What should you do if you are the consumer? —  Stay aware of when you have gone over 3 to 4 choices or 3 to 4 points of information. Start some new habits by making “rules” for yourself. For example, make a rule, that when you have 4 pieces of information or 4 choices lined up that you will either stop seeking more information and make your decision/choice, or at least take a break from your searching so you can break the dopamine loop. It takes a while to replace an old habit with a new one, so you may have to be patient. And I’ll tell you the truth… I think that the dopamine reaction is so strong you may not be able to ever really stop this information seeking/choice seeking loop. But you can always try!

And for those of you who like research:

Iyengar, Sheena S. and Mark R. Lepper. 2000. When choice is demotivating: Can one desire too much of a good thing?. Journal of Personality and Social Psychology. 79: 995-1006.

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3 comments on “100 Things You Should Know About People: #10 — You Want More Choices and Information Than You Can Actually Process
  1. Ata says:

    Nowadays, when you visit your local supermarket, the choices of many different foods is just so overwhelming that when you actually made a choice on one product (after spending some time deciding) you end up putting it back after finding something slightly better.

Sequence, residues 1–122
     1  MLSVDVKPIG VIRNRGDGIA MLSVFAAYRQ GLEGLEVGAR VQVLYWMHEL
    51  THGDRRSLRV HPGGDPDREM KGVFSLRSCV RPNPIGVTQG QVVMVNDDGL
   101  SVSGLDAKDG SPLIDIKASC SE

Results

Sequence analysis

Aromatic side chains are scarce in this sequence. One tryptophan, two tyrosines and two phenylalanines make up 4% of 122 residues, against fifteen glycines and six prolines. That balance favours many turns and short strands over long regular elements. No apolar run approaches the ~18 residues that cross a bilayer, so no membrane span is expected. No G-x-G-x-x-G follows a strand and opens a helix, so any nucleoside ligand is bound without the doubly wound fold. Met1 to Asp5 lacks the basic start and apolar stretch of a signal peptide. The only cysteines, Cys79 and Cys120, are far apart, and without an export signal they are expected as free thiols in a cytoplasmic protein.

The same can be said about clothing and what not!
    .-= Ata´s last blog ..Accelerate Your Degree With Online College Programs! =-.

  2. Jessica says:

    Awesome! We have done a similar experiment when I was working for a Retail company. Lot of people passed quickly through shelves that had lots of options and the reason they provided was that it was confusing on what to choose. 3-4 things gain attention and makes us easy to choose one.

  3. Mike C Smith says:

    You are right about choices, it’s not something I thought of before, but your common sense article clearly shows, that more is not necessary correct. I placed myself in that position and realised the value of not drowning my site in products, but to keep simple.
    Thank you for the good advice.

2 Pings/Trackbacks for "100 Things You Should Know About People: #10 — You Want More Choices and Information Than You Can Actually Process"
  1. 47: The Desire For Control And Choice Is Built In « Twisted Psychology says:

    […] work for a while. She’s the author of the famous “jam study”, that I talked about in a previous blog. (I’ll do a book review of the new book in a future post). Early in the book she talks about some […]

  2. […] #20/#03 People remember only four items at once #28/#60 Some types of mental processing are more challenging than others #53/#08 Unpredictability keeps people searching #92/#10 People want more choices and information than they can process […]

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I'm a Ph.D. psychologist and I write and videoblog about how to apply psychology and brain science research to understand how people think, work, and behave. For more information about me and about the Weinschenk Institute, check out the the Team W website.

Susan Weinschenk, Ph.D.